Anyone interested in volunteering or registering an athlete should visit the official tournament website. You can also “like” the Facebook event page, or follow @RipCity3on3 on Twitter and Instagram for more information.

    “When I watch Mark play, I look to see if he’s playing as a team member,” said Leona. “Special Olympics teaches the athletes to be proud of who they are, to believe in themselves and to be fearless in trying their best together.”

    Les Schwab Tire Centers is proud to sponsor the Rip City 3-on-3 Tournament and athletes like Mark again this year.

  • Hard Work and Teamwork, on the Field and Off


    Felix Songolo, sophomore captain of the varsity boys’ soccer team at De La Salle North Catholic High School (shown here sporting his Knights jersey), has been playing soccer since he was five. The game runs in his family: His father, mother, older brother, younger twin brothers, and even his youngest brother, now five years old himself, all play. Felix says his first memory from childhood is of watching his older brother play soccer when their family still lived in Africa.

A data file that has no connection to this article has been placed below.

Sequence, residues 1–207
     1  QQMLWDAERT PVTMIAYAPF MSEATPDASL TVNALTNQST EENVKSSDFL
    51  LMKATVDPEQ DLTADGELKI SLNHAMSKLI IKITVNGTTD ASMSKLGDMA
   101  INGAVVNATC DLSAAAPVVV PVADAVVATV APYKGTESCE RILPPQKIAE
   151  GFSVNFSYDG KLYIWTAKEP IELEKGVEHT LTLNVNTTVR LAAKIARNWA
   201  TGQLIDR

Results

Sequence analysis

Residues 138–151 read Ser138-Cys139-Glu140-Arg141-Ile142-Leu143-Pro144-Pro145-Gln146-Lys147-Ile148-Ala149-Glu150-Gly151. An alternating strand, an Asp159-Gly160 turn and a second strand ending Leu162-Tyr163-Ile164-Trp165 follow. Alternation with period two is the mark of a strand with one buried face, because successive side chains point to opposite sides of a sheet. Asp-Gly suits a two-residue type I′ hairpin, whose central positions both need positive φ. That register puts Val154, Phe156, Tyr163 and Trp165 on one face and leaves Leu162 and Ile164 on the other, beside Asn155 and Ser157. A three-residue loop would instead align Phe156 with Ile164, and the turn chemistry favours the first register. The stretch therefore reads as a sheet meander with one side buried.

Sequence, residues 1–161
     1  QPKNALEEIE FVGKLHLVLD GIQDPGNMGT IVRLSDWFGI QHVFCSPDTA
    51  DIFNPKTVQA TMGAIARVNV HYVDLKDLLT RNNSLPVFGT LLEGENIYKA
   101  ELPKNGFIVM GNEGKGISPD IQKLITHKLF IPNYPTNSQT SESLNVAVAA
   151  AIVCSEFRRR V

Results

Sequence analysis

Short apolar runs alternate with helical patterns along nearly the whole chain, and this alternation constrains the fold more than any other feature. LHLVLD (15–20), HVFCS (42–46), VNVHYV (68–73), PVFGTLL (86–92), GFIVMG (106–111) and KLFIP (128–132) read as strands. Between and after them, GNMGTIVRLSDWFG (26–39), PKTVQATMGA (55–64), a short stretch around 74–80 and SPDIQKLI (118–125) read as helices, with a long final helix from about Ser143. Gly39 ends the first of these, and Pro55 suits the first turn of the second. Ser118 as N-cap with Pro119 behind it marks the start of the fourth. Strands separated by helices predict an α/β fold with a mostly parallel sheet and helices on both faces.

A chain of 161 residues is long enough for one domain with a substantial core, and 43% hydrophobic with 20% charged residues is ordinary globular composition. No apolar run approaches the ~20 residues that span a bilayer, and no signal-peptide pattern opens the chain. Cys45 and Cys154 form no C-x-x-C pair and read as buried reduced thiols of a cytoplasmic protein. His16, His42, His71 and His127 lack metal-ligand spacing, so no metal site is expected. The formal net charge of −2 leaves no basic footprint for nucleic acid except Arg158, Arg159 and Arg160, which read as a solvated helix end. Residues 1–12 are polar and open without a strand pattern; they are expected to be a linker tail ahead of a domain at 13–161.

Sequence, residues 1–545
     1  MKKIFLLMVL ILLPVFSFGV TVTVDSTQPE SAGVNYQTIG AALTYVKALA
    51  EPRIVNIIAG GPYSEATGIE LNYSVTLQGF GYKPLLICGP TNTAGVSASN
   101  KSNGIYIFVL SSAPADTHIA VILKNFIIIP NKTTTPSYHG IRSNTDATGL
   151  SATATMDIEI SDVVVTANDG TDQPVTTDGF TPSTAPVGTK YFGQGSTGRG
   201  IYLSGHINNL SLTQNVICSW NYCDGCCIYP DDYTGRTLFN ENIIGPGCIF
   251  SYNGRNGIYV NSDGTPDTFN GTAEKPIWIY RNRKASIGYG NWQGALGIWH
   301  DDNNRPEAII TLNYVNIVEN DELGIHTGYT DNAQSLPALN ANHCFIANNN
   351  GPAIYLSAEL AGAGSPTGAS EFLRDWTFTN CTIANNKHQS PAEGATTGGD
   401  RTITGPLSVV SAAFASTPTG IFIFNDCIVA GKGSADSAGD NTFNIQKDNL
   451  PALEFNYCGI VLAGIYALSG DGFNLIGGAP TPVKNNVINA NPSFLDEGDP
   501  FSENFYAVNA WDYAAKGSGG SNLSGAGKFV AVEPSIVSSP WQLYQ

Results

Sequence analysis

Felix and his family moved to the U.S. in 2005, fleeing conflict in their home country of Zambia. Throughout his time in a refugee camp and afterward in adjusting to life in America, Felix found a sense of community in playing soccer. Now, after overcoming difficult times, he refuses to let anything stand in his way. Even with a busy practice schedule, he plans to maintain his 4.0 GPA, graduate as the class valedictorian and go on to play college soccer.

    “My parents sacrificed to move to America, and because of that, I don’t take the opportunity to get an education and play soccer for granted,” said Felix. “If my desire for success is greater than my fear of failure, then I will succeed.”

    Felix credits soccer with helping him deal with challenges because it’s a team sport.